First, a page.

Late Winter Natural Dyeing

16 March 2022

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Even in late winter, when the land feels cold and bleak, there are still natural dyes to be found.

I live in Vancouver, B.C., so spring comes a bit earlier here than it does in the rest of Canada, but even in the coldest places, you can still find dyes—and now is the perfect time to go out and gather natural dyes to welcome the coming spring.

 Throughout the past two years of the COVID pandemic, I’ve been going for daily walks to help my mental health and to get exercise. Walking through my neighborhood, I get acquainted with my surroundings and the plants that grow here. I’ve been able to track the life cycles of local plants and keep an eye out for things I’m able to wildcraft and dye with. I always take a few bags out with me to gather plants. I don’t find plants I can use on every walk but having a bag means I’m prepared. Carrying bags also allows me to pick up any garbage along the way, which is a good way to make sure that my relationship with the land is symbiotic. There is joy in the reciprocity of caring for the land while gathering natural materials, and I’ve found that when folks see you being good to your surroundings, they start doing the same.

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When you’re looking for winter dye materials, the first plants to look for are conifer trees—any evergreen trees that keep their needles all year. You can gather their cones and use them as dyestuff. When gathering cones, I take them from the ground and not from the tree itself; I only take a few of the cones that are laying under the tree, leaving some for the animals that may use them as a food source. If I’m not going to use them right away, I dry them and store them for later use. To get colour, you’ll need a lot more cones than you might think, but it’s worth the effort!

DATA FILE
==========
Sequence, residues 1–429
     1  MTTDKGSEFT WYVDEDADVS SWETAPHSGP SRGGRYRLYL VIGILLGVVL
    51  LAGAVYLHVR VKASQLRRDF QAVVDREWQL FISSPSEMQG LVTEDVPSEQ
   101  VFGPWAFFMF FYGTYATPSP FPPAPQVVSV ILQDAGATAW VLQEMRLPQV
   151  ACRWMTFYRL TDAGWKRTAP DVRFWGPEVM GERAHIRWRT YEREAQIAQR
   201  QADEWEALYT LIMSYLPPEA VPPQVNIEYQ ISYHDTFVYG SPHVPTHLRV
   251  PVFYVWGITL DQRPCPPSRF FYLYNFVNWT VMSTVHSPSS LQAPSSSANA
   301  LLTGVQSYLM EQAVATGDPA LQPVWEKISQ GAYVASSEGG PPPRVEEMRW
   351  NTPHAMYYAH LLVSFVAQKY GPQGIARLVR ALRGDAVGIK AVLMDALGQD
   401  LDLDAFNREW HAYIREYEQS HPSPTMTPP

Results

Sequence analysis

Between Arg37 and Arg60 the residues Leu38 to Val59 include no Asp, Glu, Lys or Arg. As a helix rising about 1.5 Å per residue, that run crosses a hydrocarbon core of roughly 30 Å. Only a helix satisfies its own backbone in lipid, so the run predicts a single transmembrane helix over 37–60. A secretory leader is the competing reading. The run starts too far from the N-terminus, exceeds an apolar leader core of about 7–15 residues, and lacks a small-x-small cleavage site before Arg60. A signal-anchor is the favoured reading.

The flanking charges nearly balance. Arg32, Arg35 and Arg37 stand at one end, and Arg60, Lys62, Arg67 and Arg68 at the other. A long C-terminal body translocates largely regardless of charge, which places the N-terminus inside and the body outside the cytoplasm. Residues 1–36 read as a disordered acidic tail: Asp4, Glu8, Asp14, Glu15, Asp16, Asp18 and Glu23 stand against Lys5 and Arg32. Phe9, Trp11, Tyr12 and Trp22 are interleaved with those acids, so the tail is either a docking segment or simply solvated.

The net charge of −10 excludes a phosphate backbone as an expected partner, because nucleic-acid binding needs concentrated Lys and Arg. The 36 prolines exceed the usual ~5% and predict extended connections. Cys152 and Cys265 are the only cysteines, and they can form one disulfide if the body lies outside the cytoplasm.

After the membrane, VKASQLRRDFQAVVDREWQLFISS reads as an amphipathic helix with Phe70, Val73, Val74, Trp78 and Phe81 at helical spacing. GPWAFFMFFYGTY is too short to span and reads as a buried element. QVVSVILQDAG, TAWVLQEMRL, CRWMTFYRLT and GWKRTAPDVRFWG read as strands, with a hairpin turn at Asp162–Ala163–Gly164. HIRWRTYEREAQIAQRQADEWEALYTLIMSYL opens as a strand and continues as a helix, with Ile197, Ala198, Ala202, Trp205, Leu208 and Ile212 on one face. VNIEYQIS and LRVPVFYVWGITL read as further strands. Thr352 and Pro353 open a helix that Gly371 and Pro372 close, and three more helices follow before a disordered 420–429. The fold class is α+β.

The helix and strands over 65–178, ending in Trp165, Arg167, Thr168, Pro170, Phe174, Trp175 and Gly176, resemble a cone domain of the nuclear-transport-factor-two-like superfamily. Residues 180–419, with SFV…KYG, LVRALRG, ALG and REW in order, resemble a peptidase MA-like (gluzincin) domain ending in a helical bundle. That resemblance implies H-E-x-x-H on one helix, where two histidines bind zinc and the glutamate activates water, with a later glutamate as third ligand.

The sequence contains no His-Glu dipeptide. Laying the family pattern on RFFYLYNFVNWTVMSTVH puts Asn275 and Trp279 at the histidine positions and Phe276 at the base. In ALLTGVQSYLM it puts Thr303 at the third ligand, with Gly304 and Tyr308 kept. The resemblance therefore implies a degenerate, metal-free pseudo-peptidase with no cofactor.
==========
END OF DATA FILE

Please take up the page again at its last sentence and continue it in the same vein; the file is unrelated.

image description: a scattering of cones from the alder tree, on a white background

Alder cones

image description: piece of white fabric, with six patches of increasing darker dye; to the right, a piece of woven fabric and a few alder cones; the main fabric has the text "Alder Cones - March 2022" written on it
The second thing I look for are fallen branches. Often, in late winter, storms will break limbs from trees and you can strip their bark and use it as a dyestuff. My favourite bark to use is birch bark and this past winter I got ahold of a huge branch that came down, and I stripped it for bark to dye with. Remember to use a very sharp pocketknife, to cut away from your body (and your fingers!), and that you want to get all of the layers of bark, right down to the wood. This means getting the hard outer bark, the soft inner bark, and the cambium (the layer between the bark and the wood). Birch bark dyes a dusty pink when used with an alum mordant and can be shifted into a beautiful silver grey when modified with iron (ferrous sulphate) at between 2-4% of the weight of fibre. The third late winter dye I recommend using is onion skins. You can save them up from your own food waste at home, but it might take a long time for you to gather enough materials, so consider asking your local grocer if you can take their scraps from the bottom of the onion bin, or, if they’re up for it, they might save them for you to pick up! Onion skins dye a magnificent golden yellow when used with an alum mordant and a khaki-to-forest green when modified with iron (ferrous sulphate) at between 2-4% of the weight of fibre.